Dalton Philips, the former‎ boss of supermarket chain Morrisons, is to return to the British high street in a leading role at one of Britain’s fastest-growing casual dining groups. Sky News has revealed that Philips will today be named as the chairman of Byron, the upmarket burger chain. It will be the former Morrisons chief’s most prominent corporate role in the UK since he left the grocer at the beginning of last year following disappointing Christmas sales. (Sky News)

Junk food adverts aimed at children are to be banned online, in print and in the cinema after a consultation on the damage they do by encouraging children to eat fattening and unhealthy food. The announcement of curbs in non-broadcast media by the Committee on Advertising Practice was greeted with relief by health campaigners, who have long been frustrated by the deluge of ads for sweets, sugary drinks and fat-laden foods aimed at children, especially via their smartphones, often in the form of games. (The Guardian)

The rule change means that for the first time ever online and social media will be brought into line with television, where strict regulation prohibits the advertising of unhealthy food to children (Sky News). However, critics say the new rules do not go far enough and may not have any impact. They point to the thousands of children watching TV shows and videos online not specifically targeted at children, which these rules will not cover (The BBC).

Craft beer maker Camden Town Brewery is preparing to roll out its flagship Hells lager across bars and restaurants in New York from later this month. The nine-year-old brewer will offer thirsty New Yorkers a taste of north London in the first phase of a multi-national expansion funded by FTSE 100 parent company Anheuser-Busch InBev, which will take its brew to bars in the US and Europe (The Telegraph). AB InBev is spending £25m on a new brewery in Enfield, which represents the largest investment into London’s brewing industry for 30 years (The Daily Mail)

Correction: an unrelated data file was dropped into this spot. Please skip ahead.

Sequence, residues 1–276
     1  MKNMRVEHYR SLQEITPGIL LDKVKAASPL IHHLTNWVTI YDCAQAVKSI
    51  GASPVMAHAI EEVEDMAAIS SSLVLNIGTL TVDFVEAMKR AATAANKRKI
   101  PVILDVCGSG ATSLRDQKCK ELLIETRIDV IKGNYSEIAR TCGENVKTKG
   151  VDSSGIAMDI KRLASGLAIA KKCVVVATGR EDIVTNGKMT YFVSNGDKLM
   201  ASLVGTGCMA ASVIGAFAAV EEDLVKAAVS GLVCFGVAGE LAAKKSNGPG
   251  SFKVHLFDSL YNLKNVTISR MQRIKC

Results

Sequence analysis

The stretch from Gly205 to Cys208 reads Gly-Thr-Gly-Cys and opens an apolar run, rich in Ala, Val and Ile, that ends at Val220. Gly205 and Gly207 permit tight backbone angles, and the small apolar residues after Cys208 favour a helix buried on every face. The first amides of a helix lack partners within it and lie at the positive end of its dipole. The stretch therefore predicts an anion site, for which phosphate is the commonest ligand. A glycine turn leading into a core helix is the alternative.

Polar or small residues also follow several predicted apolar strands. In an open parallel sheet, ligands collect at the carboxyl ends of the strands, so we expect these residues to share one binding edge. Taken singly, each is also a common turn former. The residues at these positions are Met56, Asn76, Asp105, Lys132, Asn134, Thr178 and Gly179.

Online shoppers will typically spend two-and-a-half hours sorting out a delivery problem this Christmas - because an item is late, turns up broken or doesn’t arrive at all – Citizens Advice has warned. With the busiest shopping period of the year now under way, the national charity’s latest consumer advice trends report reveals people experienced 4.8m delivery problems last year –and spent 11.8m hours trying to sort them out. (The Guardian)

Shares of Costco slipped slightly in extended trading on Wednesday after the membership-based retailer reported sales and fees that fell short of Wall Street’s expectations despite a healthy boost to its profit. (The Financial Times £)

Starbucks plans to open another 12,000 coffee shops by 2021, marking a major expansion of its global network. The move means it will have 37,000 outlets across the world in five years’ time. The company, which has 900 shops in the UK, did not give a regional breakdown or outline where new ones would be opening. (The Daily Mail)

Britain’s manufacturing output unexpectedly slumped in October as a sharp drop in pharmaceutical production dragged on the industry. In a blow to hopes that UK economic growth would hold up in the fourth quarter, official figures showed manufacturing output fell 0.9% in October, down from a 0.6% rise in September, with economists eyeing 0.2% growth. (The Daily Mail)